Graphic Novel: Toronto artist's New Yorker short story powerful, colourful, too short

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I can finally admit the truth: The real reason I have a subscription to The New Yorker isn’t for the journalism, but the cartoons.

And there’s a doozy of a cartoon in the venerable weekly’s Dec. 28 issue, which is its annual cartoon edition, when the drawings normally found at the bottom of each page take over the magazine.

I’m talking about a gorgeous six-page piece titled Junban, by Toronto comic creator Jillian Tamaki. The story is adapted from notes written by Tamaki’s late grandfather and it is heartbreaking.

I gave rave reviews to Tamaki books such as Super Mutant Magic Academy and This One Summer, which Tamaki created with her cousin, Mariko (whose work I’ve also praised).

Here, Tamaki uses her grandfather’s voice to describe growing up fishing on the Fraser River in B.C.

Her immigrant family did not have it easy when it came to earning a living: “Our Japanese boats were smaller, with less powerful motors, because we were allowed to fish only in certain districts” while other families were given freedom to roam the river’s waters.

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Regardless of the obstacles, her grandfather’s life is idyllic. He speaks English for the first time at a local school and the fishing season lends a natural rhythm to the family’s life: “Some of my best memories are of summers on the Fraser.”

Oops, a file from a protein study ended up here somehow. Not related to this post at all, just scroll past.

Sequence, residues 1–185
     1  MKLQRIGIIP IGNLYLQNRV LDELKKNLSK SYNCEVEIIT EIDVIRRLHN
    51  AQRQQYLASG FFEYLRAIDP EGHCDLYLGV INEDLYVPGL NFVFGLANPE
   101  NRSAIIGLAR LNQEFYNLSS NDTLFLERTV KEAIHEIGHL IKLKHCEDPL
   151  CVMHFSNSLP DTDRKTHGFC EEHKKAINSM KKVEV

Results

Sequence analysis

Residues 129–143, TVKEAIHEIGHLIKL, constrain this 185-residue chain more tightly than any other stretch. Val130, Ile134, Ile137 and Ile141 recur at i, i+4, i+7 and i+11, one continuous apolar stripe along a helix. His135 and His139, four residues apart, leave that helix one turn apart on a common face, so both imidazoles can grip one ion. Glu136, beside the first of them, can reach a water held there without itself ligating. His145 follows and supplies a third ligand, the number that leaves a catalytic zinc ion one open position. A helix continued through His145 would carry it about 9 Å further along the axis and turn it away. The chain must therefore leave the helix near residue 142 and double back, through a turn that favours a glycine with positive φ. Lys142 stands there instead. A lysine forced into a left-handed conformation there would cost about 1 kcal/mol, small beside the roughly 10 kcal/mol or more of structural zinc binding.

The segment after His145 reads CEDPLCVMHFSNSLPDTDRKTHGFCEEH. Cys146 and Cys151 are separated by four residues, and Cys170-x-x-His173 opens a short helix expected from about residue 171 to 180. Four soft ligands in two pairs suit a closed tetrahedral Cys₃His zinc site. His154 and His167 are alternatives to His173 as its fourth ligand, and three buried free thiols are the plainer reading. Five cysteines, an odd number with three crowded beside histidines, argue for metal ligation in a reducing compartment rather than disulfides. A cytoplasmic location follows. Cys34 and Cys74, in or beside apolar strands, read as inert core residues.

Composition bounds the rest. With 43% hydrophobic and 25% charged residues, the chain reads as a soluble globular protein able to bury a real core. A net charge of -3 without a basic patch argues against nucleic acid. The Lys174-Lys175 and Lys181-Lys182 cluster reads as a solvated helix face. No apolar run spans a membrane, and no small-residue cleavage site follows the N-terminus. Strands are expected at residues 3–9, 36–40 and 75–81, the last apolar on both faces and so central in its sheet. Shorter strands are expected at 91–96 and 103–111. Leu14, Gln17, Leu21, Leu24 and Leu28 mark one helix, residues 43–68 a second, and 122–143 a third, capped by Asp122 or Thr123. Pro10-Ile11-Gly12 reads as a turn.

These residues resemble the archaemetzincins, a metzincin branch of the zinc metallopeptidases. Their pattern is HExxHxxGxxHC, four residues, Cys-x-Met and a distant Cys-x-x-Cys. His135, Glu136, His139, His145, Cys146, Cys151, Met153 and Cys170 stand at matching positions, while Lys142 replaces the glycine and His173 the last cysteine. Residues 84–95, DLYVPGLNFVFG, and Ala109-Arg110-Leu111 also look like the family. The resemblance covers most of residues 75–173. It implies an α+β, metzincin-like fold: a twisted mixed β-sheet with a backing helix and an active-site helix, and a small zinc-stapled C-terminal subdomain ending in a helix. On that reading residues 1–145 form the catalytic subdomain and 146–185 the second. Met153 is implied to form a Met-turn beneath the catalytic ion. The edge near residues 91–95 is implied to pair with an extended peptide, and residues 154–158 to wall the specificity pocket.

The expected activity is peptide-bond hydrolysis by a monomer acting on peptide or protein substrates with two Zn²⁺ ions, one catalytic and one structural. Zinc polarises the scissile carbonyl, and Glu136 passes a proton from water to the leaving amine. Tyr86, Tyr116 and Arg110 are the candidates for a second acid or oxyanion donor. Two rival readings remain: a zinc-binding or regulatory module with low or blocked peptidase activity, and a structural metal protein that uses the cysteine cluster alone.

Then, the world comes crashing in on the Tamaki family.

“Sunbury was our home and our parents would have probably lived there forever. My father was making plans to build a new house on our farm when Japan attacked Pearl Harbor and everything changed,” Tamaki’s grandfather recalls as he is forced to live in an internment camp in the B.C. interior. “The farm, boat, and equipment were seized by the Canadian government and sold for a pittance.”

What I love about Junban isn’t the fluid art, but the way Tamaki plays with panel structure and colour. The New Yorker isn’t exactly known for its vivid tones, but the purple and tan hues of Junban, supplemented with muted reds and greens, leap off the page.

My only complaint about Junban is I want it to be a whole book, not just half a dozen brilliant pages.

It would make the perfect companion piece to George Takei’s They Called Us Enemy.

danbrown@postmedia.com

Twitter.com/DanatLFPress

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